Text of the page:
Time’s up for Pacific Gas & Electric Co. The state’s largest and most troubled electric power provider has failed repeatedly, and disastrously, to deliver power to Northern California safely and reliably. And now we have reached the absurd and horrible point at which the company is either burning down communities (thanks to its downed or malfunctioning power lines) or turning off the power to millions of customers in the (possibly vain) attempt to avoid doing so.
This can’t go on. But there’s little indication that the executives of the delinquent for-profit utility are willing or able to steer the company in a successful new direction. When PG&E emerges from bankruptcy (a situation brought on by the massive liability it incurred when its equipment started wildfires), ideally it will be under new ownership and fundamentally reformed into an accountable and functional electrical provider.
But whose ownership? We’re skeptical that hedge fund managers (who are clamoring for control in the bankruptcy proceedings) or Warren Buffett’s Berkshire Hathaway (which Gov. Gavin Newsom suggested as a possible owner last week) would do a substantially better job of running the utility.
PG&E desperately needs to leave behind the short-term thinking that led it to fail year after year to sufficiently invest in maintaining its gas and electrical infrastructure or to prepare for the entirely predictable stress of climate change on its power lines. And though state regulators have fined PG&E time and again for failing to trim trees or invest in brush management, the lapses continued and so have the fire and pipeline problems. In one particularly shameful example, poorly maintained pipelines ruptured in 2010, leading to an explosion that destroyed 38 homes and killed eight people. PG&E was convicted of six felony counts and fined $3 million for its part in the explosion and is still on probation.
We’ve reached a point where public ownership of PG&E shouldn’t just be on the table, it should be actively explored by state and local officials. Newsom has hinted he would open to public takeover of the utility and has raged about its “corporate greed,” but he has also said he wants to see as many bidders for ownership as possible, including from other profit-making entities. Although it’s good for him to consider all approaches and all bidders, public ownership shouldn’t get short shrift in the process.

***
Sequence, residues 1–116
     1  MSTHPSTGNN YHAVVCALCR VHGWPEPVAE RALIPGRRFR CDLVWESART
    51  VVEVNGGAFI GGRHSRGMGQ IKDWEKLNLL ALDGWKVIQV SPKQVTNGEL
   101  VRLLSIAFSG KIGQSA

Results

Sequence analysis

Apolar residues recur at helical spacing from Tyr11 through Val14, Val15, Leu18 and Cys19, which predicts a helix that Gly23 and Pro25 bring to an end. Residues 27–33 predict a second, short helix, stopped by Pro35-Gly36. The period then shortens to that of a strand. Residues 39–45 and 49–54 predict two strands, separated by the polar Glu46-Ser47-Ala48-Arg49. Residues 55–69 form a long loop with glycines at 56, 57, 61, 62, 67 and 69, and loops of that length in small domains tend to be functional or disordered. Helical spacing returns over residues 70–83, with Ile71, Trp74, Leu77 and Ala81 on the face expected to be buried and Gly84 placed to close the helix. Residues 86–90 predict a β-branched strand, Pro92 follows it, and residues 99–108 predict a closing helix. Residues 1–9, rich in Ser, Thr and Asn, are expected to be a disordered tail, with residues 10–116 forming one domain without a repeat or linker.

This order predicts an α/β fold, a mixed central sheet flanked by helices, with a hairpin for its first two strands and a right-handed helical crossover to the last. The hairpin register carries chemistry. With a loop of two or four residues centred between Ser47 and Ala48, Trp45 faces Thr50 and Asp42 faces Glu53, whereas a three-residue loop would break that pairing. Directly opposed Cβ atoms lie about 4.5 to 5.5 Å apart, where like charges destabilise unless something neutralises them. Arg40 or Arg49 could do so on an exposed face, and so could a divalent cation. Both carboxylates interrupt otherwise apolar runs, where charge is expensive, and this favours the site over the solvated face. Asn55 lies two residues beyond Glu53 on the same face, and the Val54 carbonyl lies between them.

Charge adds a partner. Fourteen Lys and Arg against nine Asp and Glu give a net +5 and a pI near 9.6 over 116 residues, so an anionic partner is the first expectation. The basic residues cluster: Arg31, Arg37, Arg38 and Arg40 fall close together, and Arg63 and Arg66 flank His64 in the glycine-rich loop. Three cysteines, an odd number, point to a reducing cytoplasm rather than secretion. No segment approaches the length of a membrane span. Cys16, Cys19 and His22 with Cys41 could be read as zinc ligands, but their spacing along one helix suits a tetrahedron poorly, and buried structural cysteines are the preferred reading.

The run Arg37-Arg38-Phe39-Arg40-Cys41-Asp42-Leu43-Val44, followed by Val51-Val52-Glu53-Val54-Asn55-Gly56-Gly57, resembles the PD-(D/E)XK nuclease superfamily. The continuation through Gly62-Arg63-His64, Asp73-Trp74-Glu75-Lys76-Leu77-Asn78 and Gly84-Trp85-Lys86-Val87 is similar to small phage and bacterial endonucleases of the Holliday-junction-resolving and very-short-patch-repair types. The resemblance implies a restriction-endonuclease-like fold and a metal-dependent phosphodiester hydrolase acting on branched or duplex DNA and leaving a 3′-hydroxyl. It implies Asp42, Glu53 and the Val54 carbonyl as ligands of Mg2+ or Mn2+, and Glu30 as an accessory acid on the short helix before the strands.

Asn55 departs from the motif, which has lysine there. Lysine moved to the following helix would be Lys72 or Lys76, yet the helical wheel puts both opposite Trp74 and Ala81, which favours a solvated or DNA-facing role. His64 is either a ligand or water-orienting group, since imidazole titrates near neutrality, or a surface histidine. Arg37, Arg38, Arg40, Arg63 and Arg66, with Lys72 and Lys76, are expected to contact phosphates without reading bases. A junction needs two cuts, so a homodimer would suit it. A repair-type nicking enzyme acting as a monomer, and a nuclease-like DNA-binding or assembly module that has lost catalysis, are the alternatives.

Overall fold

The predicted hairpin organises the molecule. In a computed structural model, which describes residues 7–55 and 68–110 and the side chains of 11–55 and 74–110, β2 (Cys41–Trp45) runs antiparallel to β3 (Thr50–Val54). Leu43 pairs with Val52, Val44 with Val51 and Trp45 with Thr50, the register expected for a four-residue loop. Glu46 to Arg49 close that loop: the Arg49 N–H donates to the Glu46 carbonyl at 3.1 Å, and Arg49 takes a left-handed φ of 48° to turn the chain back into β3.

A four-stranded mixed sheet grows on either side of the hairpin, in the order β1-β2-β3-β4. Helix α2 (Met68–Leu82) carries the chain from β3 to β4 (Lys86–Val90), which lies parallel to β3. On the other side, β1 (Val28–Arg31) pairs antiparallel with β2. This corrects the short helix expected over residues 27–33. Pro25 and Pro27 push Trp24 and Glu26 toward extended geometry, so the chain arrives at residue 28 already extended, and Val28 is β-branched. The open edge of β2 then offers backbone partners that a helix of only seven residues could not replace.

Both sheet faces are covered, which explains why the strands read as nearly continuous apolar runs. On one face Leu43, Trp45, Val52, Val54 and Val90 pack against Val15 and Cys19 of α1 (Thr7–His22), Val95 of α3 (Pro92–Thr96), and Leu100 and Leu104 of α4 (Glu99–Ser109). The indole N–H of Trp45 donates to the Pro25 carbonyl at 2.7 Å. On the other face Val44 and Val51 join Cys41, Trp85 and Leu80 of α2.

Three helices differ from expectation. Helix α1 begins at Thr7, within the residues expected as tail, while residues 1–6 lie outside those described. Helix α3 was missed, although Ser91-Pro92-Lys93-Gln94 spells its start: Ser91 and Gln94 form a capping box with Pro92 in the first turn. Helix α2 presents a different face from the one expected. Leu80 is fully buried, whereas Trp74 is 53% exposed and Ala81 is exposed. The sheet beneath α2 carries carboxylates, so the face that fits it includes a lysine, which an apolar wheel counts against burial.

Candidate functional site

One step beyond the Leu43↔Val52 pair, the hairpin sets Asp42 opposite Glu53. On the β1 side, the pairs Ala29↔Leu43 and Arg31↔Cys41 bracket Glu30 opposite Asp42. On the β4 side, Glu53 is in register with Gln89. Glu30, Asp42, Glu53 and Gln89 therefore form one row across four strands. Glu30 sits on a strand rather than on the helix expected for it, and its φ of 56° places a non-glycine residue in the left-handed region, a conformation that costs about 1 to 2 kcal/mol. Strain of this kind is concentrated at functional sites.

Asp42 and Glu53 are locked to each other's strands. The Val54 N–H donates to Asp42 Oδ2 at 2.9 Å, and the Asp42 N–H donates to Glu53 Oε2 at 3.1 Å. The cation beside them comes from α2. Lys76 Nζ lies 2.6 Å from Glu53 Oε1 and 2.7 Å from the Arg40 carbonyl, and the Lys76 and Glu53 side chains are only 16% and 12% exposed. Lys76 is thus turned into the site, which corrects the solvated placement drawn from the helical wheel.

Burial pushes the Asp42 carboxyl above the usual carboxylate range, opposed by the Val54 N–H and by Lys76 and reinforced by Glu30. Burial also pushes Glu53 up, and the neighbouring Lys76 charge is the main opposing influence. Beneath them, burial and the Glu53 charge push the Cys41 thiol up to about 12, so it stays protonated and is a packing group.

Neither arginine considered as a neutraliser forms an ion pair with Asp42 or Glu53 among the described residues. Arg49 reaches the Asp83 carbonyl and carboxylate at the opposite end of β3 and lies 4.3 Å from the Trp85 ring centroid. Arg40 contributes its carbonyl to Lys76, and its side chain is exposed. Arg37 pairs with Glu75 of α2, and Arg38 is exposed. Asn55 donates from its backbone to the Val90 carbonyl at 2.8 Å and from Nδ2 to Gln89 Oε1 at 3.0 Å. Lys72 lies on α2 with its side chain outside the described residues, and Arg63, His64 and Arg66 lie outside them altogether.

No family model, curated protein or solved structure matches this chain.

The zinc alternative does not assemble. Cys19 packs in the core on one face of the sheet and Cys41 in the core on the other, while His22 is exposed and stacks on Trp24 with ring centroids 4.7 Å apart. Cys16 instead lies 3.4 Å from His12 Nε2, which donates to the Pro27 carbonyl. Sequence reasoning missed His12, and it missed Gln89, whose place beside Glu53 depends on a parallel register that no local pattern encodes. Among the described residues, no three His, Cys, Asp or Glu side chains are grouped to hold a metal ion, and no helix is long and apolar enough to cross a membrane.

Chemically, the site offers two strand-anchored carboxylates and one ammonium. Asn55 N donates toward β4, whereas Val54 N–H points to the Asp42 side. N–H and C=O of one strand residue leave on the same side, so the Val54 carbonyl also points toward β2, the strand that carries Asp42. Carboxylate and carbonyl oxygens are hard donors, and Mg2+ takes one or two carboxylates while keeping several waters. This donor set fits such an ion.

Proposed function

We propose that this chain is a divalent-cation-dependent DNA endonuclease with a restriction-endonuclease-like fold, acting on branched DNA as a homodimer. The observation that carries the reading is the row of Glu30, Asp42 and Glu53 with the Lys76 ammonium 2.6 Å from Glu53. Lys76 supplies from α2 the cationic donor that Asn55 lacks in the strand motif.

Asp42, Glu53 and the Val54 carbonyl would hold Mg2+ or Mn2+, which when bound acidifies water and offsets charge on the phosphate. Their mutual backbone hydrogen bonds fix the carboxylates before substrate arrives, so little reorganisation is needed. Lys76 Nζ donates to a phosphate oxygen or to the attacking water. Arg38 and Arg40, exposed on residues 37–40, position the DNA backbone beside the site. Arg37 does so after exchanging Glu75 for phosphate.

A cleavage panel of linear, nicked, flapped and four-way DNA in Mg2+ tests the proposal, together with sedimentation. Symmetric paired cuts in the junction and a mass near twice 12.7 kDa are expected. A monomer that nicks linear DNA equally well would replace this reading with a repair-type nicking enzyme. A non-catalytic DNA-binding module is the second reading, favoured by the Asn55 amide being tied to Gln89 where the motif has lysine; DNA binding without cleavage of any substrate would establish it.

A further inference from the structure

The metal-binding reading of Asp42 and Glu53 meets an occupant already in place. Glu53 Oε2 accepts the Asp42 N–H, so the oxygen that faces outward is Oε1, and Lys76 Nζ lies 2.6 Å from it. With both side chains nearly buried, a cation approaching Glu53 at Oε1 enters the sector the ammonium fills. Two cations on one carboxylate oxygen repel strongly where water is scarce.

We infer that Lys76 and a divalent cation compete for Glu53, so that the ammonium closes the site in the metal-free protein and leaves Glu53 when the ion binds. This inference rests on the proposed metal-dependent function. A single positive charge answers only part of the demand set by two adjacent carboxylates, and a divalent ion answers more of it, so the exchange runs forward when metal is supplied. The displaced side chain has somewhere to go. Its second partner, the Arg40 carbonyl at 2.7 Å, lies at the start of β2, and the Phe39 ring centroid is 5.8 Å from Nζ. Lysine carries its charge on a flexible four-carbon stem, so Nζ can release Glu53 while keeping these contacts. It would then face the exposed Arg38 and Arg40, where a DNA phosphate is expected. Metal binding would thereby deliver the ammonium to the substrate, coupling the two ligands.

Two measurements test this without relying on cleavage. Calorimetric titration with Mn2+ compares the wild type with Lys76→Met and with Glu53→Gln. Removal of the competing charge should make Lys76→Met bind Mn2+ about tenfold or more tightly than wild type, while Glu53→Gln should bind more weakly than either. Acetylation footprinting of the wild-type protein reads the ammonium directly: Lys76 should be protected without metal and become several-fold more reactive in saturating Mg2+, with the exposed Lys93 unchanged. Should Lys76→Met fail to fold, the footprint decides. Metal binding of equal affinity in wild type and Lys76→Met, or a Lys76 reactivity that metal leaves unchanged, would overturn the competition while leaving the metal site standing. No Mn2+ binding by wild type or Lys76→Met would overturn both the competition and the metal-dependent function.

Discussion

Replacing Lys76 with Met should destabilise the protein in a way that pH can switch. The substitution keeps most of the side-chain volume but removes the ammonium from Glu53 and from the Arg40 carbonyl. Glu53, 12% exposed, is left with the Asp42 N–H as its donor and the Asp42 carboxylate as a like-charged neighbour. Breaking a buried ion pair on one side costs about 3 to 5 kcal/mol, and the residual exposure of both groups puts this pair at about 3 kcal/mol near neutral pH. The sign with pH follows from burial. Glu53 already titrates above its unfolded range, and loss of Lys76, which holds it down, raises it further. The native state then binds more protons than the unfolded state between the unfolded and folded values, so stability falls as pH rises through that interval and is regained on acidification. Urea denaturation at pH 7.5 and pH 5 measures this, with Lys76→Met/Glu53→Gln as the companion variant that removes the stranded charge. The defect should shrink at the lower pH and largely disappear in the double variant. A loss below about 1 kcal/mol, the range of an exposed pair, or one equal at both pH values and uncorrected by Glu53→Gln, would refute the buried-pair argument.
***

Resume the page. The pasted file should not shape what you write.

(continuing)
There are several different routes to public ownership of a utility. One is for cities to buy out the electrical infrastructure within their borders. “Municipalization,” as it is called, has gained traction in northern California as the public’s simmering anger toward PG&E spiked with its wide-scale pre-emptive power shutoffs this month. Other ideas that have been floated involve breaking the company into regional utilities or, alternately, creating one big public utility district that would subsume PG&E completely. All of the ideas are worth consideration.
Like any major undertaking, there are huge costs involved that would have to be borne by the public, both upfront and on an ongoing basis. But there are big costs for ratepayers either way. They are on the hook for major investments that must be made to increase the system’s resilience to fire no matter who owns it. There will be large sums to pay for fire damages as well. And ratepayer costs would be higher with PG&E because regulators allow the company to make a healthy return on its investments. Publicly owned utilities must put any excess revenues back into the system or into the pockets of ratepayers, not investors.
Of course, merely changing control of PG&E won’t solve the problems caused by decades of neglect. Nor does public ownership automatically translate into trouble-free utilities. Angelenos who are served by city-owned Los Angeles Department of Water and Power can attest to that fact. Public agencies are equally susceptible to bungling basic administrative duties and recklessly deferring maintenance in the face of public pressure to keep rates low. Just as shareholder-owners want more profits, ratepayer-owners want lower bills. The difference with publicly owned utilities is that there is more transparency and accountability when they screw up.
Public takeover is not the right approach for all private utilities. The state’s two other large for-profit power providers, Southern California Edison and San Diego Gas & Electric, have been fairly decent managers of their systems so far. But PG&E’s management has demonstrated that it’s time for a change, and the public option needs to be on the table.